Granular materials are composed of many discrete, disconnected solid particles that come together to form a porous aggregate. These types of materials are ubiquitous in both natural and industrial settings, where they frequently interact with fluids in their local environments. Understanding and modeling these interactions is important for many industrial, civil, and geotechnical engineering problems, including applications in defense, mining, and construction.
In this work, we are particularly interested in modeling these materials during high-velocity impact events. In these types of events, it is necessary to consider how the deformation of individual particles affects the behavior of the bulk solid. Grain-scale elastic deformations determine the rate at which effective stresses and shocks are propagated through the material, and inelastic deformations (e.g., grain-scale fracture) affect how the grains organize themselves (i.e., the grain-scale microstructure). Additionally, the presence of a fluid saturating the pore space between grains can change the mechanics of grain–grain interactions (e.g., lubrication forces) and admissible granular motions (e.g., pore compaction or dilation).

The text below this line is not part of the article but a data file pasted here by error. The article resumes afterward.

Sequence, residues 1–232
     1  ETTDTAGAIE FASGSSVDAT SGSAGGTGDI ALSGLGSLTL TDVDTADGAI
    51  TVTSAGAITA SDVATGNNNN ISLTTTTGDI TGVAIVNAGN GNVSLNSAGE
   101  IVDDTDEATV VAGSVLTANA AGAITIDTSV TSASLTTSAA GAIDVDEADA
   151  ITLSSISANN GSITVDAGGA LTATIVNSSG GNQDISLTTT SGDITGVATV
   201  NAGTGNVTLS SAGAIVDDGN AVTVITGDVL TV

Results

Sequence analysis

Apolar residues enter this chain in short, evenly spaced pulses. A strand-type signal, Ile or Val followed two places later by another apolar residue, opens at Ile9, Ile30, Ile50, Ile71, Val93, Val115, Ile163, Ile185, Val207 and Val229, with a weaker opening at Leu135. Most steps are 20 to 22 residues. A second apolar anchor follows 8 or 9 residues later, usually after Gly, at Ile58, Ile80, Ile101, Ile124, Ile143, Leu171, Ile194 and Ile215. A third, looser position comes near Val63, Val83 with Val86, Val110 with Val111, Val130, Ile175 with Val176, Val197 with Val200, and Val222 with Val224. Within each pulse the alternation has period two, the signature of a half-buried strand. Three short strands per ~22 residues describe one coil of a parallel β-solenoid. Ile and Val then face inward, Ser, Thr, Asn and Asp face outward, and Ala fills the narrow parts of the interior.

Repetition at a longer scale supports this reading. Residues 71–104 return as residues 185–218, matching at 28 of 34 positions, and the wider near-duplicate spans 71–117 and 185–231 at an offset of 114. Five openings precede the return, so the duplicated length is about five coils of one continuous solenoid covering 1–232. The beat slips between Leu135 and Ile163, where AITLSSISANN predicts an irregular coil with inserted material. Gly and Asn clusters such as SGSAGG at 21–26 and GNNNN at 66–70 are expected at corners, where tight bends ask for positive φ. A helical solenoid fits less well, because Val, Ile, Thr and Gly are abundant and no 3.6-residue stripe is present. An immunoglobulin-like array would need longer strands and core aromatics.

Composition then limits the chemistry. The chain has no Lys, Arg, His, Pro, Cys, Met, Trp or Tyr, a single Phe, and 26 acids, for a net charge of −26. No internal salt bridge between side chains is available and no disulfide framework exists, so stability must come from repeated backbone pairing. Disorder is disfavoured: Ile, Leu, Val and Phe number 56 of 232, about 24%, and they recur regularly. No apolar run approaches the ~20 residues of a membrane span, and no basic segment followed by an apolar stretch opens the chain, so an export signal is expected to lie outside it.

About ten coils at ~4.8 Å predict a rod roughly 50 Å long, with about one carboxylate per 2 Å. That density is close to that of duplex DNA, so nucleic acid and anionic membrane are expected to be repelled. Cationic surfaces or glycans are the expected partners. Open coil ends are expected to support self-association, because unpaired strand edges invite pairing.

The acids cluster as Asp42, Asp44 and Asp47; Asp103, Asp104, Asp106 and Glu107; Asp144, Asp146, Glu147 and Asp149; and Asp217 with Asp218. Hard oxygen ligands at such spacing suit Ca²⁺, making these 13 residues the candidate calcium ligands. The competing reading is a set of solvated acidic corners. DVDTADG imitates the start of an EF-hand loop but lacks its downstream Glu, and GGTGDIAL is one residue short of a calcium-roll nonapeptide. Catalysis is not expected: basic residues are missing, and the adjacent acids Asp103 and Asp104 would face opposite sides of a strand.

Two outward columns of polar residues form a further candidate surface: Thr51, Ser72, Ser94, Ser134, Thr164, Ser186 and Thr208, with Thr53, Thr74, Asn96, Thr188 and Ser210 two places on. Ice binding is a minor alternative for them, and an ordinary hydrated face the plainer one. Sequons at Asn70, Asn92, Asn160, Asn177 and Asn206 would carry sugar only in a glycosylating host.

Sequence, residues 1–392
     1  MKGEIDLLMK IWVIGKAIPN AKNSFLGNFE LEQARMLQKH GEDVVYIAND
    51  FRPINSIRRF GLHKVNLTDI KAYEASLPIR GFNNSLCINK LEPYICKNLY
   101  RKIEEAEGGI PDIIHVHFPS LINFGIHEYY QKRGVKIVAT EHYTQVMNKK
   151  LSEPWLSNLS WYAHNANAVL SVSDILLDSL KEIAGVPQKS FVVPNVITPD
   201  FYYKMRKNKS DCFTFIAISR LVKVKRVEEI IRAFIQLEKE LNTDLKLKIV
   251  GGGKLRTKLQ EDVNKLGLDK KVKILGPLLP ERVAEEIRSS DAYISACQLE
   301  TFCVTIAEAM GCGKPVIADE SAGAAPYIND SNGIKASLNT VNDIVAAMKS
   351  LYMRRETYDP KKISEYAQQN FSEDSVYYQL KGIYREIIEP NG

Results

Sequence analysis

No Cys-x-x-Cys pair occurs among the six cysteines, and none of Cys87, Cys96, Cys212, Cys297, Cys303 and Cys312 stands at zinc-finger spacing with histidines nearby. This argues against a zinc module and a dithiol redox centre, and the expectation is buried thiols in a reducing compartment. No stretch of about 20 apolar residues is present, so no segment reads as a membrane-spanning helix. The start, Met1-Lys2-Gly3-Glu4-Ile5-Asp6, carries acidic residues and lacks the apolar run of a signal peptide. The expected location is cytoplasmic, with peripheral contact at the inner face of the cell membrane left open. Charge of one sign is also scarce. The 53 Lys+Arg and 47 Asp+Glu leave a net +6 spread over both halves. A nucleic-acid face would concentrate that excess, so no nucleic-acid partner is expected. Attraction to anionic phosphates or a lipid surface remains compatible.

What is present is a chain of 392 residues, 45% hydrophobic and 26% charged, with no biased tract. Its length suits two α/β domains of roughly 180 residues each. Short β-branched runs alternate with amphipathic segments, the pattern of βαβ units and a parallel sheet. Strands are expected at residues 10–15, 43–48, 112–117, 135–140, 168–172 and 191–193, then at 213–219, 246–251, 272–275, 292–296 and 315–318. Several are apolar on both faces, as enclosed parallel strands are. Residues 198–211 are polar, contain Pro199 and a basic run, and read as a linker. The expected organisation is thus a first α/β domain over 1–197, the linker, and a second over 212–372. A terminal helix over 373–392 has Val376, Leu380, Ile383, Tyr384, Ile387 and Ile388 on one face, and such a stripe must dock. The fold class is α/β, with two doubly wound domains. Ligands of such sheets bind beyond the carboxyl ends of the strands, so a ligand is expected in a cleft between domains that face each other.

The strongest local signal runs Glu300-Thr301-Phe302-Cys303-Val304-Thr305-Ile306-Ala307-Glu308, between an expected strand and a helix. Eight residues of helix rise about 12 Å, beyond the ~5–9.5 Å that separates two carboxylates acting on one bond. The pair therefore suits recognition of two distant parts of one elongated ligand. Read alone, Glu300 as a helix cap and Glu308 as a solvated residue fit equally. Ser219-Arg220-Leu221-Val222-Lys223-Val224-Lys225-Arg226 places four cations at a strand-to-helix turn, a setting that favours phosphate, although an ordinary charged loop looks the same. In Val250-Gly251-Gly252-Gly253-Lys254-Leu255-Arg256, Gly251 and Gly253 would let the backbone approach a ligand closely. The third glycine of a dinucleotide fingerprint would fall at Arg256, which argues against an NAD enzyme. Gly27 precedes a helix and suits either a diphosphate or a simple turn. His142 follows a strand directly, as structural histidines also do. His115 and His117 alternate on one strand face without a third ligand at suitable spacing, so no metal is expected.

Significant research in recent years has been devoted to developing models for dry, brittle granular materials that incorporate particle fracture and breakage; pore collapse and dilation; and shock loading into unified descriptions of these materials. However, there has not been substantial analysis of the fully-saturated condition outside of quasi-steady or dilute granular flows. In this work, we present a thermomechanical framework for modeling fluid-saturated, brittle granular materials that considers the coupled influence of particle breakage, pore evolution, shock loading, and pore fluid motion. A general form of this framework is presented alongside simulated results specific to silica-based sand mixing with water.